My PhD project is entitled ‘Poromechanical modeling of salt damage in porous materials’. I want to explore the combined physical, chemical and mechanical processes causing salt damage in porous materials to get a better understanding of the complex phenomenon salt damage is. Even after decennia of research, still a range of unanswered questions concerning salt damage problems needs to be solved.
My research comprises experimental as well as modeling research. The aim is to develop a model which includes the damage evolution in porous materials due to salt crystallization. This model needs of course reliable experimental data. My aim is to perform and monitor cyclic salt contamination of porous materials until initialization and development of damage and to look at salt damage in the layered system of masonry (stone/mortar). In my research I want to focus on the salts sodium sulphate (Na2SO4) and sodium chloride (NaCl), as they are two of the most damaging salts mentioned in literature.
During my stay at Princeton I will work together with Rosa M. Espinosa. My focus is to understand the kinetics of sodium sulphate crystal growth and how to model this crystallization kinetics. To get correct crystallization models we need to understand when and how the different crystal phases of sodium sulphate form: this salt has two stable phases mirabilite Na2SO4.10H20 and thenardite Na2SO4(V) and two metastable phases heptahydrate Na2SO4.7H20 and metastable thenardite Na2SO4(III). With help of a cooling stage in combination with a microscope, we want to measure growth rates of the crystal phases and understand the different crystal formations with their determining parameters.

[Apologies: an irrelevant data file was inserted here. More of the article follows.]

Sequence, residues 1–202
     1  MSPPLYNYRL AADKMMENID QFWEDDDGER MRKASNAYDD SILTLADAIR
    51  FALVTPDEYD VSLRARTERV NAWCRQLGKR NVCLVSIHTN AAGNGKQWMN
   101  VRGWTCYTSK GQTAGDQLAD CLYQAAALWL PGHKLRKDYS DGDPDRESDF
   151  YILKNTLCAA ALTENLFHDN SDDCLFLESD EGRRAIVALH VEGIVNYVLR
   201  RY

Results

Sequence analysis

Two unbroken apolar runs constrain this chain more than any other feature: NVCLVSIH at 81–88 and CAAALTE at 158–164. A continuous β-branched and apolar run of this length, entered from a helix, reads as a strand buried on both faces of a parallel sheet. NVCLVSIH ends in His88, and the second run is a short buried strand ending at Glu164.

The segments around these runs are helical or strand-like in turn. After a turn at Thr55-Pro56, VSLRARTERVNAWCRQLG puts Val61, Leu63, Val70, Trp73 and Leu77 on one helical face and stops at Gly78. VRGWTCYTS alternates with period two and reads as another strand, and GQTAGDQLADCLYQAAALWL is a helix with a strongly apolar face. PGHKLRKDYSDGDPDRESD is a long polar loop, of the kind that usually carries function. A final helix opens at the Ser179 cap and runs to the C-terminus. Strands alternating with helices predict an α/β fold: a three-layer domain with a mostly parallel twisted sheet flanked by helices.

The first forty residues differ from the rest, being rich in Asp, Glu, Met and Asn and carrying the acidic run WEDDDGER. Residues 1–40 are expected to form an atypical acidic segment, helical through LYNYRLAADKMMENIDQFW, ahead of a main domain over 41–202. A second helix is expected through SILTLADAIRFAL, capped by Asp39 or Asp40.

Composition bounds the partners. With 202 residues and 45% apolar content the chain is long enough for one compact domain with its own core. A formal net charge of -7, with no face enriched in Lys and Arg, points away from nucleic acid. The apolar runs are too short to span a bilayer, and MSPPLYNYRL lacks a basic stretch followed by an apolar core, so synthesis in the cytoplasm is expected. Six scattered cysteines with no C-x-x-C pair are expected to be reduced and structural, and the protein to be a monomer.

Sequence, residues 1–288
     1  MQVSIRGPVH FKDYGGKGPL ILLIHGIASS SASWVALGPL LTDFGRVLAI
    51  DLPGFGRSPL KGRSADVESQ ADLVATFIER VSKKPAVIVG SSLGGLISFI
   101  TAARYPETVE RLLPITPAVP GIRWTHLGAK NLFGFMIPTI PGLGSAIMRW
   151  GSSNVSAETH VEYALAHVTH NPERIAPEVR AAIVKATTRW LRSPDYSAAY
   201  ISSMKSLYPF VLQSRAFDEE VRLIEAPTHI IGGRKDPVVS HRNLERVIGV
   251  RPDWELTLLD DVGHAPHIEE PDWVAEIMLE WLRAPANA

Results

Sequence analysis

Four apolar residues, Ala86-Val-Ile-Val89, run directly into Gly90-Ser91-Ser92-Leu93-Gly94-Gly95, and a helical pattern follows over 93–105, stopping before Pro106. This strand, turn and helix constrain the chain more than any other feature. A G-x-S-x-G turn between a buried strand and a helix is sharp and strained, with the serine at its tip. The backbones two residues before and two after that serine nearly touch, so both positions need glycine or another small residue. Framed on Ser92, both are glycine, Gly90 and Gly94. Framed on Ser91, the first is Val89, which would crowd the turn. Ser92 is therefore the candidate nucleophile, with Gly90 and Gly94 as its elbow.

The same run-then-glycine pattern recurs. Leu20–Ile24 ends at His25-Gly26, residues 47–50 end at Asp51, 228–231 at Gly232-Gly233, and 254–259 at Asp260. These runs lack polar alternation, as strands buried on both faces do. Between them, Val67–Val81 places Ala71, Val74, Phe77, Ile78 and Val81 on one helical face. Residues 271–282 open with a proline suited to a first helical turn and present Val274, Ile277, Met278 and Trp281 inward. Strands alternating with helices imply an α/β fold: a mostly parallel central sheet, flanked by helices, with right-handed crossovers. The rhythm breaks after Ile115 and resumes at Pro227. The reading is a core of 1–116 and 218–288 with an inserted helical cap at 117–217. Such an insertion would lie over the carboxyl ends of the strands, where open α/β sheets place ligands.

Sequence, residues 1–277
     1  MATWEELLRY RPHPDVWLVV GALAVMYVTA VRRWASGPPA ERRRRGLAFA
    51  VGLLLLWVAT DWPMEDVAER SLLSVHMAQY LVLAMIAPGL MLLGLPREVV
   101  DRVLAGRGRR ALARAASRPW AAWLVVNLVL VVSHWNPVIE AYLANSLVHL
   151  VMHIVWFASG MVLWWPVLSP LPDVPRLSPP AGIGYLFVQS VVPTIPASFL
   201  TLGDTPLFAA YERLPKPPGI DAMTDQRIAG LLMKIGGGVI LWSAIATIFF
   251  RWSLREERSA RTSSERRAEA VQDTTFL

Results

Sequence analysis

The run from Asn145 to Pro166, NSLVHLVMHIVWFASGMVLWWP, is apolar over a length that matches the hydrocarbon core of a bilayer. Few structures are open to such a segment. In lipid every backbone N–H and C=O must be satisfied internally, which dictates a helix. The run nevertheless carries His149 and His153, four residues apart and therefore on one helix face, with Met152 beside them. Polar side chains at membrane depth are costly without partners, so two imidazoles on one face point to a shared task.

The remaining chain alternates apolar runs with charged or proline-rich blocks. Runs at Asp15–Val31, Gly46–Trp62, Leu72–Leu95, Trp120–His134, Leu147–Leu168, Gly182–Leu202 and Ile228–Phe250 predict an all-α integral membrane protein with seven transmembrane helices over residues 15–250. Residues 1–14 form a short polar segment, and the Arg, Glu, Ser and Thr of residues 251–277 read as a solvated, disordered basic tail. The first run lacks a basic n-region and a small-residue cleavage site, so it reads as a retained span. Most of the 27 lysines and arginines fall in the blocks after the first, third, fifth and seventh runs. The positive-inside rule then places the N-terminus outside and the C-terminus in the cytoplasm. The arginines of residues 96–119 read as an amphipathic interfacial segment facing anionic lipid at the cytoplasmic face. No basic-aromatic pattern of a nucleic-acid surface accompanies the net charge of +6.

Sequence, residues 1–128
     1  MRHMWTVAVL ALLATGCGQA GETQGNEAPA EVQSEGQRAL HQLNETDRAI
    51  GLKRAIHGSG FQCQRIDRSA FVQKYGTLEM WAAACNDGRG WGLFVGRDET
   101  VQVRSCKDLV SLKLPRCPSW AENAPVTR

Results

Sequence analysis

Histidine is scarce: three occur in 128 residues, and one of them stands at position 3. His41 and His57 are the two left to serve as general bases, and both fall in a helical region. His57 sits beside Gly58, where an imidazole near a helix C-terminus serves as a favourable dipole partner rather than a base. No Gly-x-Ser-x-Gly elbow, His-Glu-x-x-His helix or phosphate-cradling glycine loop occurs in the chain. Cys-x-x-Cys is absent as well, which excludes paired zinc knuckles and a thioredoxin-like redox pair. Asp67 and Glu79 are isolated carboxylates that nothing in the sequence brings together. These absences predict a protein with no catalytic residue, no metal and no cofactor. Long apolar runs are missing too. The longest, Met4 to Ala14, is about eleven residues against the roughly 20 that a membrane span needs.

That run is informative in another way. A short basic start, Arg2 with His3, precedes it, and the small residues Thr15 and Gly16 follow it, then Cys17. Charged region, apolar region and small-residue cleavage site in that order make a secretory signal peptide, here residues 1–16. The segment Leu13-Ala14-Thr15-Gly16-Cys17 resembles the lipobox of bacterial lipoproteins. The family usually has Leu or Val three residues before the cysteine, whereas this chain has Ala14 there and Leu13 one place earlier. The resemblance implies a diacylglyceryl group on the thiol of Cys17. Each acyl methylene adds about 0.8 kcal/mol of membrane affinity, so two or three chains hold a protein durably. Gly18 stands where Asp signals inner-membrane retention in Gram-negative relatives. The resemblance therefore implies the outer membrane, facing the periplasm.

Simultaneously I want to learn about the salt crystallization tests used in Prof. Scherer’s research group, such as the warping experiment and the capillary rise experiment. They can be of great value for the experiments I want to perform in the framework of my PhD to validate my model.
Hannelore is a visiting PhD student joining Prof. Scherer’s group from mid November 2008 until mid March 2009. She is visiting from the Laboratory of Building Physics, Department of Civil Engineering, K.U.Leuven, Belgium. Her PhD supervisor is prof. J. Carmeliet. Hannelore received her master’s degree in Civil Engineering from the K.U.Leuven University in 2006 with high distinction.